Yarn as public art seems to be everywhere these days. I came across two articles just today on yarn bombing in Boston and on thread tagging as a form of graffiti.
Spring is finally here! I have been going for long walks, including a walk in the woods at Allerton last week where Phil captured these crocuses.
I’ve fallen behind on taking pictures of my work, but have a few accomplishments this month.
I started a spring weaving project with 16/2 cotton yarn that I received as a Christmas gift. I decided to weave several short lengths in different lace weaves and put them together in a blouse or dress. The first one is blocks of basket weave and plain weave, from chapter one of Handwoven Laces. I need to iron it before taking a photo, but I do have one of the cones of yarn with the warp chain.
There is also a spring sweater that just needs the ends woven in and a few bobbins of singles to ply. I’ll try to get everything photographed and be back soon with a progress report.
It always seems to take me forever to finish knitting a sweater – especially one for me, since I put it aside to work on gifts or items for sale. I started this one in January 2010 and finished it at the end of February 2011, but I think this adds up to just three months of knitting.
It is a variation of Medrith Glover’s Circumnavigated Cardigan, using Shepherd’s Own – an undyed wool yarn that has flock numbers instead of dye lots. The buttons don’t show in the photo – they are pewter, with sheep.
It is almost spring, so I will wear this every day until wool sweater weather ends, then block it.
As soon as I finished this sweater I got down a box of UFO’s from the closet shelf and took out a half finished spring sweater which I hope to complete at least a week or two before summer comes.
I learned from the Spin-Off wall calendar that February 3 is St. Blaise Day — the patron saint of wool combers — so I did a little research. According to Wikipedia, St. Blaise was a 5th or 6th century Armenian physician who was martyred by being beaten with wool combs. The combs are included in icons of St. Blaise, thus his association with the wool combing trade.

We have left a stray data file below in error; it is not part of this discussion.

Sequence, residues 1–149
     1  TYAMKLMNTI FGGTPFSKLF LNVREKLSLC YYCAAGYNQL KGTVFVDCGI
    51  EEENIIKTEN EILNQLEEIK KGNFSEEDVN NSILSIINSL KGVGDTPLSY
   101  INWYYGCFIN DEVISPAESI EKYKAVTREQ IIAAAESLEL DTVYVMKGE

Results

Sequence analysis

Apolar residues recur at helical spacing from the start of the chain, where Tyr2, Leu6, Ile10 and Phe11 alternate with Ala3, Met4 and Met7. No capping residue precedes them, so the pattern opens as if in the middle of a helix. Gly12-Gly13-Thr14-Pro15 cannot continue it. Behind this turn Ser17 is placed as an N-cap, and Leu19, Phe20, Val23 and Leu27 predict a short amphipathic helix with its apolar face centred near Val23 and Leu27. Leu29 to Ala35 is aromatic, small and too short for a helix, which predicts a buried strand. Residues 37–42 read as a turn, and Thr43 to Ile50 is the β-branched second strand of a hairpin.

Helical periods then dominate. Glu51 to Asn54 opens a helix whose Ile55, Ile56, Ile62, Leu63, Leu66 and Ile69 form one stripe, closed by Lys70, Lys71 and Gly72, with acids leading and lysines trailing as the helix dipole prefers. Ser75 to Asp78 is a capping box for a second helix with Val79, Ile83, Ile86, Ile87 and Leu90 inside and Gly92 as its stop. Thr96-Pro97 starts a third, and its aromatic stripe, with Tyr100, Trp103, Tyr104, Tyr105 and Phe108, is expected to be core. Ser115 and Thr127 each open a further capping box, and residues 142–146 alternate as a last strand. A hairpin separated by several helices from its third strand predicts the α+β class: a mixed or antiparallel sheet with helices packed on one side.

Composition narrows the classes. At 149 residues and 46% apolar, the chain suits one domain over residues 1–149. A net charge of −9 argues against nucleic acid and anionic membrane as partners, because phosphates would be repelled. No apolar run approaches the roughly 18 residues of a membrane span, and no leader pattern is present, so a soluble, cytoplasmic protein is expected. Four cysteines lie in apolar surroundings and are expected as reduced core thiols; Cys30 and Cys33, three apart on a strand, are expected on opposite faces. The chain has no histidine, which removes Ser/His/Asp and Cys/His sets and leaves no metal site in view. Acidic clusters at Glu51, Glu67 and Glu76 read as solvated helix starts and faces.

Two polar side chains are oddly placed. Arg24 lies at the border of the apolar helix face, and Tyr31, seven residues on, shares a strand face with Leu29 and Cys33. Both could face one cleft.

I prefer to celebrate the British myth that St. Blaise brought prosperity to England by teaching the people to comb wool. I still haven’t learned to comb wool, so I will be getting out my drum carder to observe February 3 this year.
After reading Judith MacKenzie’s article on spinning plump, silky singles in the Spring 2010 issue of SpinOff, I wanted to try it. The article recommends a 50/50 blend of silk and merino, so I searched for a space dyed roving with those proportions at the Fiber Event in Greencastle Indiana last April. After visiting all of my favorite booths, I finally tracked down what I needed at the River’s Edge Fiber Arts booth.
Silky singles before washing
I’m used to spinning thin and plying, so it was a challenge to keep the yarn plump and avoid overtwisting.I did a practice run with a less expensive 30% tencel/70% merino blend, and now have finally gotten together the courage to work with the wool and silk.
The unwashed skein looked pretty kinky and messy, uneven in both grist and twist.
After washing and drying with weight
After washing in hot water with an icy rinse, and hanging with a plastic hanger as a weight to keep it straighter, the yarn is ready to behave. I think the result is pleasing enough that I will look for more silk/merino blend roving and use this technique again, perhaps dying my own next time.
Closeup of finished skein
I haven’t been getting much done lately. After a search for lost items, half a dozen cardboard boxes of yarn and fiber are cluttering the living room floor. I will spare you a photo, but I found a cartoon that sums it up.